Two weeks ago I embarked on a new chapter in my life. I had spent the last 2 and-a-half years working for AOL and decided a new challenge was needed. My age of 33 puts me into the Generation X bracket, but I feel so much more Generation Y - I need that pursuit of continued change and challenge in life to be inspired and energised to succeed. So with that in mind I look back fondly at my time with Huffington Post UK and whilst I will keep attached to it through this blog I found myself at my desk at home searching in earnest for my next role. "You'll be fine", "You always land on your feet" and "You can always come back...yeah?" is all I heard for the weeks leading up to my last day - nice to have those comments said to me but deep down I was having thoughts of concern, anxiety and 'I am so not going to get that new car I've been thinking about.'
This time of year is a great time to be looking for a job. Businesses are largely on a go-slow as so many employees are out on summer holidays, so those businesses advertise their jobs ready for a big recruitment push come September. I'm sure there are many interviews being lined up and decisions being made as we speak - no less at a certain office headquarters in Milton Keynes as we await the decision of who is taking the most lucrative seat in Formula One: the replacement for Mark Webber, Red Bull Racing driver. My gut feel is that it will be Daniel Ricciardo, currently driving for Red Bull's sister team, Toro Rosso and part of Red Bull's driving academy. My heart would like to see Kimi Raikkonen take it, but the driving academy is there for a reason and it should be seen as giving up-and-coming racing drivers the opportunity to progress into the leading team.
Talking of giving opportunities, I was privileged to attend Silverstone last week for the UK National Finals of the GT Academy. This is an annual competition run in collaboration with Sony PlayStation and Nissan to source pure motor racing talent for those that have not had the opportunity to go through the more traditional channels of grass-roots racing. It was estimated that it costs £4m in funding to get to F1 these days. No disrespect to some drivers on the current F1 grid but some are there because they have funding available in order to "buy" a place on the grid. Pastor Maldonado brings in excess of $25m in Venezuelan government money in order to race, and Max Chilton from Reigate in Surrey has a wealthy background. Not to say they do not deserve to be on the grid, but are we necessarily seeing the best talent in the world in the pinnacle of motorsport? Probably not.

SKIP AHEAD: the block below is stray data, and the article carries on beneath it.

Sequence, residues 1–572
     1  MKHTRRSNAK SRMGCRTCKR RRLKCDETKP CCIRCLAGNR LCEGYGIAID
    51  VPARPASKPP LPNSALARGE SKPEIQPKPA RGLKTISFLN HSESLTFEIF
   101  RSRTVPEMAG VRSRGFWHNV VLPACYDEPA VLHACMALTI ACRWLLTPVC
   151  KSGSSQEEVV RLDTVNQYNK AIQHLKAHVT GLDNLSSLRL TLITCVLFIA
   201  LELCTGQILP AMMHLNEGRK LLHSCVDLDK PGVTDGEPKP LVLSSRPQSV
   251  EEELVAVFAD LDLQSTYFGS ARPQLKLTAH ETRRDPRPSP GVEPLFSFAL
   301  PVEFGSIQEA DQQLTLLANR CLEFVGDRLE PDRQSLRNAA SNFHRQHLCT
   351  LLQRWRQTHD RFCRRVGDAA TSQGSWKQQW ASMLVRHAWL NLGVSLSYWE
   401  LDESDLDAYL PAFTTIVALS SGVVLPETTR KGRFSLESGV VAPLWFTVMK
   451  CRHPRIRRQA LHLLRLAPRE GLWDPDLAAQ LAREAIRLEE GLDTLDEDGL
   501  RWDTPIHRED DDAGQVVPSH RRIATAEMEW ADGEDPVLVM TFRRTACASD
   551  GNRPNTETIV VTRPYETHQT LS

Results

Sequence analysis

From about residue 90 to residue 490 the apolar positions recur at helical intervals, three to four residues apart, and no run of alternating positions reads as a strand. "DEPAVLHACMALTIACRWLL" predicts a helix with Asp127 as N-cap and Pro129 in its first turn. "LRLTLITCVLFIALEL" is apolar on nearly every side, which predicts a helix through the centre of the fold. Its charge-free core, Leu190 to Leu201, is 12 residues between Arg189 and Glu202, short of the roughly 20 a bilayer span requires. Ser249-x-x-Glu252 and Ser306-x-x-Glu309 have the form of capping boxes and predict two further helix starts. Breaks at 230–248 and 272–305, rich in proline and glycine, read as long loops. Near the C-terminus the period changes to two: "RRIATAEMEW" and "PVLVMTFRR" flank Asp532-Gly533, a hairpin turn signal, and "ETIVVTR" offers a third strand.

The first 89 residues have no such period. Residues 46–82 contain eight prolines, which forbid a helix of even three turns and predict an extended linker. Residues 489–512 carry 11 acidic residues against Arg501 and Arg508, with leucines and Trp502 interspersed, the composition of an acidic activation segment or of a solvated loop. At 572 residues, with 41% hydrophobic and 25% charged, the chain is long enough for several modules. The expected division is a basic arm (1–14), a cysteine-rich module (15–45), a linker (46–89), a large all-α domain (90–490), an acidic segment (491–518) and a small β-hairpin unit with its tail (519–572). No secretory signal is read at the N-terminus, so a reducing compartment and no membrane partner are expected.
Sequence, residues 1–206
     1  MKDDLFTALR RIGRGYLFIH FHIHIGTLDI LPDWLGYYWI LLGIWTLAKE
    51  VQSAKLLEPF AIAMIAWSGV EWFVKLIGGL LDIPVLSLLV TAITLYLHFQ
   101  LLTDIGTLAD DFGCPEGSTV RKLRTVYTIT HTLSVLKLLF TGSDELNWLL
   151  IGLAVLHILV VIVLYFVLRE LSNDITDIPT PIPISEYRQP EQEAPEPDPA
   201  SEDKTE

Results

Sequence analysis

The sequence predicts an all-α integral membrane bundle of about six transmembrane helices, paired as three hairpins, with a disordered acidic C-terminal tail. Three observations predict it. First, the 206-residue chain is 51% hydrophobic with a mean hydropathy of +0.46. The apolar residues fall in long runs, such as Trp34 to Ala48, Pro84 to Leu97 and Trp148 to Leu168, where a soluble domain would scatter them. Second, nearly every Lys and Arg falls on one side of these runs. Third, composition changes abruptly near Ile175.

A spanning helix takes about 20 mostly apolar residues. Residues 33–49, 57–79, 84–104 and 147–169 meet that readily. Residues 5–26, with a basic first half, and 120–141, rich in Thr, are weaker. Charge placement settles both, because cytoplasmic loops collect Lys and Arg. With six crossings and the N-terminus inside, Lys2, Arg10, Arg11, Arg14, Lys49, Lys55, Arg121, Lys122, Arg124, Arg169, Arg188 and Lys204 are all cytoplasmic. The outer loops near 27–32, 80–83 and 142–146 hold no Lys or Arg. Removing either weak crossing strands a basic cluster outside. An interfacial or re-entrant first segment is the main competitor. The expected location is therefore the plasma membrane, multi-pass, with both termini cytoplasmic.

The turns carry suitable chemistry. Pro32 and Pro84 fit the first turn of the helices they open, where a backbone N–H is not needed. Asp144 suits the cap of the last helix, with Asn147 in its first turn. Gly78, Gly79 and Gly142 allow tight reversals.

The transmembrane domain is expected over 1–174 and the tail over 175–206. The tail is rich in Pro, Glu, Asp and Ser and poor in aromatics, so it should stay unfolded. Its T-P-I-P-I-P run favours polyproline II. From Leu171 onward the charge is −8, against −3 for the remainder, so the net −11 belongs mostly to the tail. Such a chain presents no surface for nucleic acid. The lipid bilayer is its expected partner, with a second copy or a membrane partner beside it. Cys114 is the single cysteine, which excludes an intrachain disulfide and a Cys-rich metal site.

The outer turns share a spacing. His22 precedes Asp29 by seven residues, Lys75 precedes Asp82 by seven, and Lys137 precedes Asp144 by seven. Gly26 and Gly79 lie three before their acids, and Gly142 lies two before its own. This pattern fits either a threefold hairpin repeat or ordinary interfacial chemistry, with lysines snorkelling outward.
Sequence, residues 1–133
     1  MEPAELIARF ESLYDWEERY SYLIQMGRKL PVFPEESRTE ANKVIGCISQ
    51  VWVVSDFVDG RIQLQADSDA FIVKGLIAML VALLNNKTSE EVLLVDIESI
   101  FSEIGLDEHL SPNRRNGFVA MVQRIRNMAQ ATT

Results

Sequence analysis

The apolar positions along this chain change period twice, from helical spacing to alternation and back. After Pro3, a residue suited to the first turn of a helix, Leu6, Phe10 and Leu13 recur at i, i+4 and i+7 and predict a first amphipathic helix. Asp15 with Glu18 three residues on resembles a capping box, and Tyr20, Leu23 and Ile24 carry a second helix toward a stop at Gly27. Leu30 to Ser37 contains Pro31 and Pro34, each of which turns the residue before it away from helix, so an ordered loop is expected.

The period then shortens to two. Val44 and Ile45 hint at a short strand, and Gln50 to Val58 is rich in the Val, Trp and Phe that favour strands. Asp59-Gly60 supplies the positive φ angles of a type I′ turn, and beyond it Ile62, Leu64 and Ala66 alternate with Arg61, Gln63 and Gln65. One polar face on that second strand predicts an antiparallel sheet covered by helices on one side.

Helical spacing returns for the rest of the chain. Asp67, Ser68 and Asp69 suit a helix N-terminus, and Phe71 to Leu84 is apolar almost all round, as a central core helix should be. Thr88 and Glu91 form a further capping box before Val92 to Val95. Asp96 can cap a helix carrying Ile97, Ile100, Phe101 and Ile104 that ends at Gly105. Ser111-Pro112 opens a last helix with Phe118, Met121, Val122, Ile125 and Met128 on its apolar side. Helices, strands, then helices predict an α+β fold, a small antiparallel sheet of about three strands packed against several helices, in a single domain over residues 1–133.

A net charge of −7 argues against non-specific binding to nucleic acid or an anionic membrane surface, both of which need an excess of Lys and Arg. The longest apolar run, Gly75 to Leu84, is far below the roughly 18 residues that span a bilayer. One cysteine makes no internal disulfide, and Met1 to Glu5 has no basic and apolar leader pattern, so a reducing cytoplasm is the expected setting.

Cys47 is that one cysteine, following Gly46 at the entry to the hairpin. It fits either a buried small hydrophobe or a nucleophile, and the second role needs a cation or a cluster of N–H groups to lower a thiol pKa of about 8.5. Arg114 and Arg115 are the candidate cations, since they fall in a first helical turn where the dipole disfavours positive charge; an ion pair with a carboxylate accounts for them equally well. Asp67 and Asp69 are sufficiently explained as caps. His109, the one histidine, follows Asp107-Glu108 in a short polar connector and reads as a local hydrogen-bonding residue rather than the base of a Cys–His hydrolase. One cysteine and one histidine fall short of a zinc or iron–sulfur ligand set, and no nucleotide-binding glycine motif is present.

So, GT Academy was setup in 2010, using the Gran Turismo computer game to prove that games players could compete on the same platform as proven motor racing drivers. As you can expect there was some scepticism around it and from the outside people not believing that a computer game can truly prepare someone for the realities of motorsport. The 2011 winner, British driver Jann Mardenborough placed 3rd in his class at this year's Le Mans 24 Hours - to think that two years previously he had never driven a racing car is proof that it can work. Jann is now in British Formula 3 and the goal is for him to get to Formula 1.
The event at Silverstone was the final for the UK entrants into the competition. They are put through races using Gran Turismo 5 on PS3, auto cross testing in a Nissan Juke, mock press conferences and a full fitness test to see whether they have the commitment required, confidence in themselves and racing craft ability to be considered for the prize to be a Nissan-funded racing driver. As I am preparing for interviews and thinking about how I should present myself it was fascinating to see real pressure on the entrants into this very real assessment process. I was also there supporting Team VVV (I am a cameraman in my spare time) and to get an excellent insight into this event please view the video below.
Back to the spare seat at Red Bull - whoever takes that seat will trigger off the annual silly season of F1 and we will no doubt see a chain reaction of placements being filled across the grid.
As for myself, well I have been able to secure a new interim job which is all very exciting. As long as you believe in yourself and know what you want out of life I firmly believe that success will follow. Just look at Lewis Hamilton - the endless comments that he made an error of catastrophic levels last year in signing for Mercedes and leaving McLaren. Making that change was the best thing he has done in his career and editorial words are being eaten by even some of the best critics. Change is good for the soul and I feel I'm on adventure right now and cannot wait to see what happens next.Suggest a correction